• 18. been approached; she digs deep. The social studies teacher credits the LMS with ―revolutionizing her curriculum.‖ Previously, the teacher basically taught from the textbook. The LMS helped her change her instructional approach to using simulations (e.g. Supreme Court unit), research, and technology as the basis for teaching. The science teacher no longer teaches from the textbook, but by experimentation and technology use. Both teachers acknowledge that their current approaches make their subjects more ―intimate‖ to their students: ―it gets knowledge in their bones and they really get it.‖ According to the principal, the LMS is well acquainted with the state content and information, technology and literacy standards and integrates them into all collaborative units which contributes to student learning and achievement. The principal indicated that while the previous LMS was very traditional, this LMS is a ―trail blazer. She knows what learning is, what literacy is, knows what critical thinking is and can share that with others. She is relentless and driven. She pushes all of us to do what is right for students.‖ Technology Access, Use and integration When the LMS came to the school, not all teachers had computers in their classrooms. Classrooms now have between one and five computers each; the science and language arts classrooms have three computers each. The teachers interviewed rated their level of technology competency from moderate to proficient. The LMS considers two-thirds of the teachers to be technology proficient; the younger teachers are more proficient. Teachers use computers to report grading and attendance, review Internet content, search for lesson plans, do word processing, and e-mail parents and colleagues. Each classroom has a TV/VCR and teachers can check out a data projector from the LMC. Teachers use Averkeys to connect a classroom computer to the TV for video streaming and PowerPoint presentations. The language arts teacher created a blog for class content. The speech and language teacher uses BoardMaster with her students for writing reports and essays. The science teacher accesses and incorporates the Foss online curriculum. In geography the teacher does a lot of Internet searches. The ESL teacher uses the computer to adapt materials for ESL. Teachers use Inspiration throughout the curriculum to do planning for writing projects and word processing. Students are very proficient; they are the ones who ―push the envelope.‖ Teachers estimate that 75 percent of the students have computers at home. All the students interviewed have Internetconnected computers at home. They spend between 30 and 60 minutes a day on their home computers doing research and word processing and sending e-mails. The language arts and social studies teachers have web pages and students access those periodically from home. Students learn keyboarding in elementary school. In middle school, students take a quarter-long class on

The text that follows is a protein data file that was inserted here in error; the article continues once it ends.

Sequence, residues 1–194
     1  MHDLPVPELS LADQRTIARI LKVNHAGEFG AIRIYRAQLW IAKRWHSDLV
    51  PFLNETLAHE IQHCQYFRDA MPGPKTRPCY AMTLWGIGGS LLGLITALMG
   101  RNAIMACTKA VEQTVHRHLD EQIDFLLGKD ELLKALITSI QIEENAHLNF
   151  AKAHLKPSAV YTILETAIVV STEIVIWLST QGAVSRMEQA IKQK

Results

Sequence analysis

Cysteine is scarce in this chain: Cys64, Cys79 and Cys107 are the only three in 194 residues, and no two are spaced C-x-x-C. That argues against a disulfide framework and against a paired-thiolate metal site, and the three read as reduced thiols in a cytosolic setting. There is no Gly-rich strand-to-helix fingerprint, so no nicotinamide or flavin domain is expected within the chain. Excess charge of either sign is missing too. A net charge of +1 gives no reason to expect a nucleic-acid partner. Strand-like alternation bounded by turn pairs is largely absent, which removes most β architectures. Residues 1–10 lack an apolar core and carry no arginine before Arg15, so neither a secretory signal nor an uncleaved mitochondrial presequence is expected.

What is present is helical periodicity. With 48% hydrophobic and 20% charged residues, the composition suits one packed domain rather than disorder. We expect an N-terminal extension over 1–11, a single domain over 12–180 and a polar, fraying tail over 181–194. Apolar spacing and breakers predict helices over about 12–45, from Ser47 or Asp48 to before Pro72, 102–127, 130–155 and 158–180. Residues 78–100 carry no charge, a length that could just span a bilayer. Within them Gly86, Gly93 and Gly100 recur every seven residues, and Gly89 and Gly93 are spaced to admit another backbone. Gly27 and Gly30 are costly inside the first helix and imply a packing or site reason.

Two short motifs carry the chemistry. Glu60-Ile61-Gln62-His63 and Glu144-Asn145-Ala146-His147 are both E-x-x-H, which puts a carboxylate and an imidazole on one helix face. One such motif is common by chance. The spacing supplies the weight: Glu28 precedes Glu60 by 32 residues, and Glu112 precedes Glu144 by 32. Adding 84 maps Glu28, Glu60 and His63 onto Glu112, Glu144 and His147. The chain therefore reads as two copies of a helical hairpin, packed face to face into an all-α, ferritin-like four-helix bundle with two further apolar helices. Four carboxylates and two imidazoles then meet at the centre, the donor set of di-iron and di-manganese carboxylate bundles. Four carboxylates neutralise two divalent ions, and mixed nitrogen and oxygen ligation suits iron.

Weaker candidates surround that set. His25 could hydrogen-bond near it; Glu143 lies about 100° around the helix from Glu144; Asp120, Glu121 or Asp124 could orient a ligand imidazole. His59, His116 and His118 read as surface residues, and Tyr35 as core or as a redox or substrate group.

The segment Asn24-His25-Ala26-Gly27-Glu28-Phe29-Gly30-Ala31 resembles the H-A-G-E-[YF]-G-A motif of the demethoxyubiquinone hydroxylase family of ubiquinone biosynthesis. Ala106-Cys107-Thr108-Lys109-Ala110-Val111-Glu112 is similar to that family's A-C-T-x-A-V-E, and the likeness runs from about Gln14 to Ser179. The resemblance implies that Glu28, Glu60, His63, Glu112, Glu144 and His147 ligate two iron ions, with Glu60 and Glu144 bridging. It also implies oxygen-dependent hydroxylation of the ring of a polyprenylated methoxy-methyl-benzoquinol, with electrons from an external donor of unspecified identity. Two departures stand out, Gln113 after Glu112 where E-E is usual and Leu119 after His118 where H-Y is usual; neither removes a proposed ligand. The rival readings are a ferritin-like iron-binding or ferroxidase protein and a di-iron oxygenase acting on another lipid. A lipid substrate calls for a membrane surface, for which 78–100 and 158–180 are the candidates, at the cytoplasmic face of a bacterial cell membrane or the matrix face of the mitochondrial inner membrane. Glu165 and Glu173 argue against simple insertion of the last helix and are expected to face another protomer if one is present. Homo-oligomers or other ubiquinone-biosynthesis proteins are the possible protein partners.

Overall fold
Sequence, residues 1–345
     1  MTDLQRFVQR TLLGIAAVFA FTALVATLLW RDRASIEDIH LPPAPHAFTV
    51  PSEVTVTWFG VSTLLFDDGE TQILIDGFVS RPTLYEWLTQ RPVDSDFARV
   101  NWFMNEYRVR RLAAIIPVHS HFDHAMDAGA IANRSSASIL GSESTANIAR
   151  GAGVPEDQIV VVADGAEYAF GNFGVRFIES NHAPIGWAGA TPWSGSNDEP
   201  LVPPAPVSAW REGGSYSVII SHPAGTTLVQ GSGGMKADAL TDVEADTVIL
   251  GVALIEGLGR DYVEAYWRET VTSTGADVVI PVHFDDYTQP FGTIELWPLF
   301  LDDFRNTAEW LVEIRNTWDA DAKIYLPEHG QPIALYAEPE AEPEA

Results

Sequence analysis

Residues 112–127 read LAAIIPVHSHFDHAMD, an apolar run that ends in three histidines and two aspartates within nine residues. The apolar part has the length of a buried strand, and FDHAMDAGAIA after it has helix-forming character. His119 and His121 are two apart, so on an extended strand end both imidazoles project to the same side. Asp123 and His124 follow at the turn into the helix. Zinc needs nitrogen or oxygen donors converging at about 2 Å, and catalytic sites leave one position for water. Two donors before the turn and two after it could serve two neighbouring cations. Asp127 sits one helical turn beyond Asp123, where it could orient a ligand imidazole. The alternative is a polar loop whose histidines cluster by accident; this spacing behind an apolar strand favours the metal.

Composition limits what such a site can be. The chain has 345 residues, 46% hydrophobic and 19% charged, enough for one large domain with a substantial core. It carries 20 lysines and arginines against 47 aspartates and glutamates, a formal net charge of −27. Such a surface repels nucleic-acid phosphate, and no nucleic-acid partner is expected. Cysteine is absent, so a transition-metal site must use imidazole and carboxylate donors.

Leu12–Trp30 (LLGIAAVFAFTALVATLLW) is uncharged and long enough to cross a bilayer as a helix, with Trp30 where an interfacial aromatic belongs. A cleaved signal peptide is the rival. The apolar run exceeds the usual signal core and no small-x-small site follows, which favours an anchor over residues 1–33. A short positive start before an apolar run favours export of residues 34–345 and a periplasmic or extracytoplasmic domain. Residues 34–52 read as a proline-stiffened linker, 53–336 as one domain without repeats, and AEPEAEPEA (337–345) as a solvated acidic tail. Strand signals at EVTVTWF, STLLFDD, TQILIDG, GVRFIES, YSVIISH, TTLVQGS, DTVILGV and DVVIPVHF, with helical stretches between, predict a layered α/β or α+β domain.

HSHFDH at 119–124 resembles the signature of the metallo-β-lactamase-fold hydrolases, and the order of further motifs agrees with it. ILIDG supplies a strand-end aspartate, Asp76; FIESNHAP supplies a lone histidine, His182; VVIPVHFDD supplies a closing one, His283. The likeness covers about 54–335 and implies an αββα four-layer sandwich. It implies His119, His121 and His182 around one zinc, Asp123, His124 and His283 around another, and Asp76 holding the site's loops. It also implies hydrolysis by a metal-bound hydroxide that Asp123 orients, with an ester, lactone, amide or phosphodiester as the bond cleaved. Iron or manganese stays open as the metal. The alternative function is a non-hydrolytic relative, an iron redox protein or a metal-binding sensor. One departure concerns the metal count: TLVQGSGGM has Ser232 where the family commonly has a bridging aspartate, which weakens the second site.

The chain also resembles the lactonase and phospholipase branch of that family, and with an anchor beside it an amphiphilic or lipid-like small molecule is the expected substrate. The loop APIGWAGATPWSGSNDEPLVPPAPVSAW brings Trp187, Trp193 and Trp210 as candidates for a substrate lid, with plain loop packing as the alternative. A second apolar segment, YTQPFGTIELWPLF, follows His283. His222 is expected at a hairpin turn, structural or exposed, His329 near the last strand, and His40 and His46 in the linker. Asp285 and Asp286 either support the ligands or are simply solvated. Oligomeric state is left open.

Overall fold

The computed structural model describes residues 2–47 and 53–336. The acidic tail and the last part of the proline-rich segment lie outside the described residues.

• 19. computer applications and on how to use other technology. The principal relies heavily on of the LMS in the area of technology. The school is a heavy user of technology and is ahead of many other district schools, in part because of the expertise and persistence of the LMS. The extent of technology integration varies by subject area, but all interviewed teachers are integrating technology into the curriculum. According to the principal, students know how to use online technology and how to evaluate different web sites. Students do a lot of Internet searches and routinely incorporate streaming video into their PowerPoint presentations.